AUTHOR ARCHIVES

Aliya Sternstein

Senior Correspondent Aliya Sternstein reports on cybersecurity and homeland security systems. She’s covered technology for more than a decade at such publications as National Journal's Technology Daily, Federal Computer Week and Forbes. Before joining Government Executive, Sternstein covered agriculture and derivatives trading for Congressional Quarterly. She’s been a guest commentator on C-SPAN, MSNBC, WAMU and Federal News Radio. Sternstein is a graduate of the University of Pennsylvania.
Results 1461-1470 of 2704

DHS Finds No Evidence Hackers Penetrated Illinois Water Plant

November 23, 2011 FROM NEXTGOV arrow There is no proof that anyone infiltrated a computer network operating a water plant in Springfield, Ill., despite earlier reports that hackers located in Russia may have penetrated the facility's control system, federal officials have concluded. A state fusion center report, first made public by reputable cybersecurity expert Joe Weiss,...

USCIS mismanaged immigration processing project, auditors report

November 22, 2011 FROM NEXTGOV arrow For three years, U.S. Citizenship and Immigration Services has been mishandling a $1.7 billion project that is supposed to digitize casework, resulting in a premature contract award, implementation delays and hundreds of millions of wasted dollars, according to federal auditors. In November 2008, the agency, part of the Homeland Security...

Lawmakers pad FBI cyber schooling funds

November 22, 2011 FROM NEXTGOV arrow Congress will pay the FBI an additional $18.6 million to better investigate computer hacking cases, following a federal study that found a third of bureau agents probing breaches significant to national security lacked the necessary networking and counterintelligence skills. A spending package passed Nov. 17 to fund many federal agencies...

Experts caution against overreacting to potential water plant hack

November 21, 2011 FROM NEXTGOV arrow An ongoing investigation into the possible hack of a U.S. water plant should trigger a methodical analysis of the security of the nation's industrial systems to avoid jumping to the wrong conclusions, former federal cybersecurity officials say. The Homeland Security Department's cyber response team and the FBI are gathering facts...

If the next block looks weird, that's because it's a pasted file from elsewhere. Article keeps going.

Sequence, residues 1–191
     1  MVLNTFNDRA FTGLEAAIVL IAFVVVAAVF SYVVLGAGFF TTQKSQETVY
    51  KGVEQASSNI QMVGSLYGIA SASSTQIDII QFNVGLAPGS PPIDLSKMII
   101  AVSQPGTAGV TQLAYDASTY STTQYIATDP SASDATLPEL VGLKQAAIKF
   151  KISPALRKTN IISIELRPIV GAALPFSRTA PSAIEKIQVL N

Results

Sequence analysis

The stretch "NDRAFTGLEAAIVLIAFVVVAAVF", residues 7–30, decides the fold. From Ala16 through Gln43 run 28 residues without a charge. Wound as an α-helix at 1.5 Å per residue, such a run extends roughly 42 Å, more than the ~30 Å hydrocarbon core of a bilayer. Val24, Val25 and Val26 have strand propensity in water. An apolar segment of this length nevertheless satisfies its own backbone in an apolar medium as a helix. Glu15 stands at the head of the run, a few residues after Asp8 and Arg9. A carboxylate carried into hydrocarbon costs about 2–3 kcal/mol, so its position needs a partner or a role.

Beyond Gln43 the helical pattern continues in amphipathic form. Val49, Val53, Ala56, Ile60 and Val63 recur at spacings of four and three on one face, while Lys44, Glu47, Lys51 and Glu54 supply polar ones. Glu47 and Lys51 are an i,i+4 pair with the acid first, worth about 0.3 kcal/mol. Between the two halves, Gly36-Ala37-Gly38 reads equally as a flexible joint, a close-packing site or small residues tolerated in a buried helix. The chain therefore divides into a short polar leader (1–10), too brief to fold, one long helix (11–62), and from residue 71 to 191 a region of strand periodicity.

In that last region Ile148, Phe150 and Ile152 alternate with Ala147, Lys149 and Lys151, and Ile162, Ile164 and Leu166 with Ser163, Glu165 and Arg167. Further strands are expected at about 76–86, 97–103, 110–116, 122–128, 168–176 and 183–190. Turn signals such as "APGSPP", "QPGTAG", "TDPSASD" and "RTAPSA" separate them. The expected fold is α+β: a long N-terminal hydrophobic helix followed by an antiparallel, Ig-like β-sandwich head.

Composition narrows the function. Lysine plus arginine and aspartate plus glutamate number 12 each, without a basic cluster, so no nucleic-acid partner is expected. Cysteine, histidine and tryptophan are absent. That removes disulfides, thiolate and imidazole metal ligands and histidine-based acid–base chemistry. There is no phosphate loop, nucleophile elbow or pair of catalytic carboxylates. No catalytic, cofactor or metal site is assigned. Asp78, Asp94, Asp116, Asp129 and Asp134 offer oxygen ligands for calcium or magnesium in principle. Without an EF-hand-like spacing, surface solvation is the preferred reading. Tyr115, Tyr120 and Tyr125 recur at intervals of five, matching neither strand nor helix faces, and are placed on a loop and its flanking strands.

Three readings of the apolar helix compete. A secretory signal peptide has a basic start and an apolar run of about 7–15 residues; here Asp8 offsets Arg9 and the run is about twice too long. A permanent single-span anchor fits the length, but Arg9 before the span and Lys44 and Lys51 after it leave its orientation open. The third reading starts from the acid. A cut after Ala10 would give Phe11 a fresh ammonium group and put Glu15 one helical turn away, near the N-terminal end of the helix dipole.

DHS to start vetting virtual fence contractors by February

November 18, 2011 FROM NEXTGOV arrow The Homeland Security Department plans as soon as January to open bidding on a 10-year contract to replace a failed $1 billion border surveillance project, according to DHS officials. Two weeks after a federal audit lambasted the department's plans for a follow-on project, it announced Thursday afternoon that it will...

DHS to start vetting virtual fence contractors by February

November 18, 2011 The Homeland Security Department plans as soon as January to open bidding on a 10-year contract to replace a failed $1 billion border surveillance project, according to DHS officials. Read the whole story at Nextgov.com.

Senate Punts Cybersecurity to 2012

November 17, 2011 FROM NEXTGOV arrow The Senate plans to hold a vote on comprehensive cybersecurity reforms during the first work period of 2012, according to senators on the committee with jurisdiction over federal computer protections. In a letter sent late Wednesday, Majority Leader Harry Reid, D-Nev., informed Senate Republicans of his decision to bring legislation...

Most federal IT funding expected to escape super committee's knife

November 17, 2011 FROM NEXTGOV arrow Agency technology spending should be able to withstand the outcome of any super committee deal as well as steeper cuts if deficit reduction negotiations collapse, information technology industry groups say. While feds worry their pay and benefits may take a hit, IT contractors expect lawmakers to preserve substantial funding for...

Most federal IT funding expected to escape super committee's knife

November 17, 2011 Agency technology spending should be able to withstand the outcome of any super committee deal as well as steeper cuts if deficit reduction negotiations collapse, information technology industry groups say. Read the rest of this story at Nextgov.com.

Facebook defends tracking of nonmembers as security measure

November 16, 2011 FROM NEXTGOV arrow Citing security reasons, Facebook expects to continue monitoring Web pages that nonmembers and members visit after signing off, despite concerns raised by lawmakers Wednesday following reports of persistent tracking of personal information. The social networking service deposits cookies -- files that transmit browser information -- on the computers of members...

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